By Scott Taylor
On July 26, U.S. President Donald Trump sent out a series of tweets to the effect that the American military will no longer “allow or accept” transgender personnel in its ranks.
At the time of sending out the transgender tweets, Trump’s White House was in the midst of the most vicious infighting since The Donald was sworn into office on Jan. 20. If by sending out these unexpected tweets Trump was hoping to generate controversy for the purpose of deflecting the media focus from his embattled regime, then the U.S. president is not as crazy as he looks. The transgender ban blew up an immediate backlash from human rights groups and LGBTQ activists worldwide.
The sheer shocking content of Trump’s transgender ban messages caused pundits to forget that the U.S. military is governed by Congressionally approved policies, not by presidential tweets. In response to the growing controversy, it was none other than U.S. Gen. Joseph Dunford, Chairman of the Joint Chiefs of Staff, who advised the media that “there will be no modifications” to the current policy regarding the employment of transgender personnel.
Under a year-old plan brought in by former president Barrack Obama, there are currently an estimated 15,000 personnel in the U.S. military who identify as transgender, and of that number 6,000 are on active duty. No doubt Trump’s proclamation that “the United States government will not accept or allow transgender individuals to serve in any capacity in the U.S. military” will be incredibly worrisome to this veritable legion of transgender people already in uniform.
The two reasons Trump cited for the ban were the “tremendous medical costs” and the “disruption” to unit cohesion that these individuals generate.
Number crunchers were quick to calculate that the currently serving transgender personnel cost the military health services between $2.4 million and $8.4 million (U.S.) a year.
While this is not chump change, to keep things in perspective, the U.S. military annually spends in excess of $84 million on drugs such as Viagra to remedy erectile dysfunction.
As for Trump’s allegations that transgender soldiers would be a disrupting factor within their units, one need only take a short walk down memory lane.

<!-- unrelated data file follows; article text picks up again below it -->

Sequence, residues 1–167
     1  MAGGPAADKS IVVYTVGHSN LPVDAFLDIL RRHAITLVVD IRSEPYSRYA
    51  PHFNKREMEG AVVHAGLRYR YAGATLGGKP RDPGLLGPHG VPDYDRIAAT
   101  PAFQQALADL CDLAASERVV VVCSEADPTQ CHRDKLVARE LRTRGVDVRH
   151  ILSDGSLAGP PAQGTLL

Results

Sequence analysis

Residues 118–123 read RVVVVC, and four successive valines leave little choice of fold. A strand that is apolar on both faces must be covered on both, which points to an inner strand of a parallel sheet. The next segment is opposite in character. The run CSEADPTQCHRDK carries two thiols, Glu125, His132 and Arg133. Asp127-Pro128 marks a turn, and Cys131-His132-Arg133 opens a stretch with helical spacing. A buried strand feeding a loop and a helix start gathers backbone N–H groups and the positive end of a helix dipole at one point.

Up until 1948, racial segregation was the official policy of the U.S. military. Throughout the U.S. civil war, the First World War and the Second World War, black volunteers were segregated into their own units, most often with white officers and usually relegated to a support role rather than frontline combat duties.
Canada similarly segregated blacks and Asians into labour battalions during the First World War, as the racist attitudes of the day led to the common belief that they made inferior soldiers and would be a disruptive factor if merged with the predominantly Anglo-Saxon combat regiments.
Canada was ahead of the U.S. in terms of racial integration, and in 1982 we took a major step in terms of sexually integrating our armed forces by allowing women into heretofore men only combat arms trades. The previous rationale for keeping women out of the frontlines was that their presence would be a disruption. The Canadian military’s performance in the Balkan peacekeeping missions of the 90s and the decade-long deployment to Afghanistan has since proven the merit of co-ed combat units.
The U.S. military quietly followed our lead and began allowing females into combat trades in 2013.
Canada lifted the ban on LGBTQ personnel serving in uniform in 1992, and has subsequently funded dozens of sexual reassignment surgeries over the past 20 years. It is estimated that around 200 personnel serving in the Canadian Armed Forces identify as transgender. Previous thinking was that LGBTQ soldiers would be a disruption to their units. Again, experience on the battlefield and in garrison has proven that this is not the case.
Soldiers put more stock in their comrades’ professionalism and dedication, rather than the colour of their skin, their gender or their sexual preference. But having never served in uniform himself, Trump has no way of knowing that.